Along your software evaluation journey, you’re going to find software that will knock your socks off. But considering your needs now, you might need to shelf it for later. However, you will want to make sure that the tool or tools you chose today will integrate with the ones you want to invest in later.

Automating Your Processes

Photograph of Boris Karloff as Frankenstein

Do your estimates look like this? What owner wants to do business with Frankenstein?

The reason why you are investing in software is to improve your workflows, make your process more efficient, and produce accurate work. If the software you are looking at doesn’t streamline your work—move along. Software should make life easier. That’s what it’s designed for.

Too many estimators are using too many tools to complete an estimate. This is not automation. This is copy and pasting and producing an

estimate pieced and stitched together like Frankenstein’s monster. Running on unautomated platforms takes up way too much of your valuable time.

When you automate and streamline your processes you are freed up to pursue more projects.

Pick the Right Tool for the Job

This may seem like a no-brainer; however, we have too many estimators explain to us all the “workarounds” they have to do to get their estimates correct in the variety of tools their companies use. Too often, estimators are having to misplace their excellent problem-solving skills developing workarounds to the shortcomings of their current software, instead of using those skills to make better business decisions. Putting band-aids on the issue will never fix what’s broken.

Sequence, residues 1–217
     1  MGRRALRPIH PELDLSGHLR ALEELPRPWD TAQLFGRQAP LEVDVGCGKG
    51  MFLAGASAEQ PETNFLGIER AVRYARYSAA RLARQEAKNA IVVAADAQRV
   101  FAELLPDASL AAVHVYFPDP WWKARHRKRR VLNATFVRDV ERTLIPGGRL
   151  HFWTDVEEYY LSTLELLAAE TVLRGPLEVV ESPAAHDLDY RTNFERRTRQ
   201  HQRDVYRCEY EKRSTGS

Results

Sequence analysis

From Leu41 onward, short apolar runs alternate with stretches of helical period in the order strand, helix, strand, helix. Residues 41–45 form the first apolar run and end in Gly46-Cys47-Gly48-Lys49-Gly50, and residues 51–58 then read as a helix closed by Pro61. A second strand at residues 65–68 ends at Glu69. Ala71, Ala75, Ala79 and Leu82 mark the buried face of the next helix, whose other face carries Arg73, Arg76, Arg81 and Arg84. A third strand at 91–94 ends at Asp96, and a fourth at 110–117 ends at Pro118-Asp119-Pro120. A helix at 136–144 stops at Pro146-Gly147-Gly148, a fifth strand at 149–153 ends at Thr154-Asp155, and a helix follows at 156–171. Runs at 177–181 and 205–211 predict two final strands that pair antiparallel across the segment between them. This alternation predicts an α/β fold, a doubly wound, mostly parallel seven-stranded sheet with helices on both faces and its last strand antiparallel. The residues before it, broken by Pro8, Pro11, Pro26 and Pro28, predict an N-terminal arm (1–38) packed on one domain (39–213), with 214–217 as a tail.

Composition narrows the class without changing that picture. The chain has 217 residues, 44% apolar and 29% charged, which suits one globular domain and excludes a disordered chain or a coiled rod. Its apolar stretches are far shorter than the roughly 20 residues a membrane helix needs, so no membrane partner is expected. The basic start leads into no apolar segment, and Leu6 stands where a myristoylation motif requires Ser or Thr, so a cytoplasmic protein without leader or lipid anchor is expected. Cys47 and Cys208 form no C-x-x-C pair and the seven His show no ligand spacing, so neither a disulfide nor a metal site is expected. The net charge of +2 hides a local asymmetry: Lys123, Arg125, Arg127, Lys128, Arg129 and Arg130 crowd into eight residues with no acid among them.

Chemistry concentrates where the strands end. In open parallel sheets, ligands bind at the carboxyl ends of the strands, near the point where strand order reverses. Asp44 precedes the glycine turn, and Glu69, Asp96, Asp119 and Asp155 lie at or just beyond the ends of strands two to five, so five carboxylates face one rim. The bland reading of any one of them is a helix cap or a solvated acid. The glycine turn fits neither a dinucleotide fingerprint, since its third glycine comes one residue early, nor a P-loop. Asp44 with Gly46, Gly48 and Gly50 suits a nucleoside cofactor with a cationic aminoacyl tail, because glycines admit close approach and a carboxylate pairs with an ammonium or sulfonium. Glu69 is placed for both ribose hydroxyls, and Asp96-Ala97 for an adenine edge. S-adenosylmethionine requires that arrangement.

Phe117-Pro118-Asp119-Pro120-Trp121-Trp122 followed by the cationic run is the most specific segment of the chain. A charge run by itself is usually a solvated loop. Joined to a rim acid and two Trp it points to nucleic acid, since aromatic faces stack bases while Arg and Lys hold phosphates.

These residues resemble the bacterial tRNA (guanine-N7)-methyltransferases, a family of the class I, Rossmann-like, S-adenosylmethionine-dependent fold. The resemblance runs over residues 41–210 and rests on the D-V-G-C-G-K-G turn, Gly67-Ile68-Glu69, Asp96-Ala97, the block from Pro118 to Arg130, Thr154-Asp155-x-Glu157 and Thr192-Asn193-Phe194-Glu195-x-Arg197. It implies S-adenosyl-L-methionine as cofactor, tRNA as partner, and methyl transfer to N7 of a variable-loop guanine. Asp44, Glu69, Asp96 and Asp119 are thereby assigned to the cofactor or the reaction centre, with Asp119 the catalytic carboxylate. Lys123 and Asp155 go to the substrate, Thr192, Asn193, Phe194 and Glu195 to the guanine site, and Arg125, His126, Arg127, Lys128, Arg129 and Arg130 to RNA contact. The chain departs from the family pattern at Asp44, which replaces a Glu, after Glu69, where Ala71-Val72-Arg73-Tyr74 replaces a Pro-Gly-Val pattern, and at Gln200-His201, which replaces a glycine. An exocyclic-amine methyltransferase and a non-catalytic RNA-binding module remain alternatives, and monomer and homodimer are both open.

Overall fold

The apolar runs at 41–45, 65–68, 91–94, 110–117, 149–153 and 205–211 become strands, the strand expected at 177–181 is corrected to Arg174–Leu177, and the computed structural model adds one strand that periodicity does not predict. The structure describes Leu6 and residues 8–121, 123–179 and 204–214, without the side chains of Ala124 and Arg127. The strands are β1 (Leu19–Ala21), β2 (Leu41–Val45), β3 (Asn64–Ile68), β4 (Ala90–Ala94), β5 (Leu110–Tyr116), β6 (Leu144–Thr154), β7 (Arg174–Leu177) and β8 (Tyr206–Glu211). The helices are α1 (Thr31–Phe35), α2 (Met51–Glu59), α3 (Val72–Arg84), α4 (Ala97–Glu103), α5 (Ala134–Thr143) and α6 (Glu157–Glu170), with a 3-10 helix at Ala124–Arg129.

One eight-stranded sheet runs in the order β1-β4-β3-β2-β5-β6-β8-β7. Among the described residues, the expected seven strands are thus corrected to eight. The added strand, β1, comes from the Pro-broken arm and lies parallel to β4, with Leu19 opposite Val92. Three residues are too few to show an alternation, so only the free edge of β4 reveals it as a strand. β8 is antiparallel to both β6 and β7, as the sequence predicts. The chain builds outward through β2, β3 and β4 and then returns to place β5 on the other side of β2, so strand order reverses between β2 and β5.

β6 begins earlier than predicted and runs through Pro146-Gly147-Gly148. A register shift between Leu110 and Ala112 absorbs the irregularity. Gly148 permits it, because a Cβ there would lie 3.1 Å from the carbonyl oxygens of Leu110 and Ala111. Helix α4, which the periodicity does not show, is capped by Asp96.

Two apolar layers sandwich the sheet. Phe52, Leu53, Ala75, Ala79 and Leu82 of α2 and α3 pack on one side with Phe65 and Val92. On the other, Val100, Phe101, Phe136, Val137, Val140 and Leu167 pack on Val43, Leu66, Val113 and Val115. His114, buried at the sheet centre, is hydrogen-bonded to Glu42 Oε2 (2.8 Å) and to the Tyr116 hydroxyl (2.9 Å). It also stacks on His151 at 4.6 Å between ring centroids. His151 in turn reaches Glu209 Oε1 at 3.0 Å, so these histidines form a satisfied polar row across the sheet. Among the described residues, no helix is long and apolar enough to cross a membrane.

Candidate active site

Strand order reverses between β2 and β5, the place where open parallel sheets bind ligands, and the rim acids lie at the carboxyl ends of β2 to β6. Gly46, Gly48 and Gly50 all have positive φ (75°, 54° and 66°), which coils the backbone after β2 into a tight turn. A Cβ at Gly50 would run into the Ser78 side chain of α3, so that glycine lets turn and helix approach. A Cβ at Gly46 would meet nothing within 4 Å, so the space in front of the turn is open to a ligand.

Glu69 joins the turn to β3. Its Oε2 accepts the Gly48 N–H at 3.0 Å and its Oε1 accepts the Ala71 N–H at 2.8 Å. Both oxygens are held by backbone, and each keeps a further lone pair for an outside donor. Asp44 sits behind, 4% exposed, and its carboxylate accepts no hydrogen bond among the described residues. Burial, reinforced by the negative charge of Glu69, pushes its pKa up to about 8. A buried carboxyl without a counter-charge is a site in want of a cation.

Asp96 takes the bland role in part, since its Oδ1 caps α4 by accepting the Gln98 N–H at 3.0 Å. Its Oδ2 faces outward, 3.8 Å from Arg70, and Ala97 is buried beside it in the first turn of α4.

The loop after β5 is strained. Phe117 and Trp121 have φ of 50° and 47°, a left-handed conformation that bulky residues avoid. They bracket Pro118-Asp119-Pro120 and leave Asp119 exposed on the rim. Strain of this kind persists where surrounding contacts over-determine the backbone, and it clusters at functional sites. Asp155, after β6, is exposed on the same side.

Before you hit the ground running and signing up for every free trial you find, we recommend you first:

  1. List out the tools you already have that absolutely cannot be replaced. (Integration)
  2. Map out your company’s future goals. (Growth)
  3. Define what features you need to automate your work process. (Automation)
  4. Ask for feedback from the preconstruction team on what your current software can’t do. (Choosing the right software for preconstruction estimating.)

We offer plenty of resources for those who are just beginning their software exploration. For more guidance on how to effectively explore and evaluate new software, read the following articles:

To listen to Dan speak about the importance of a thoughtful tech stack, click here.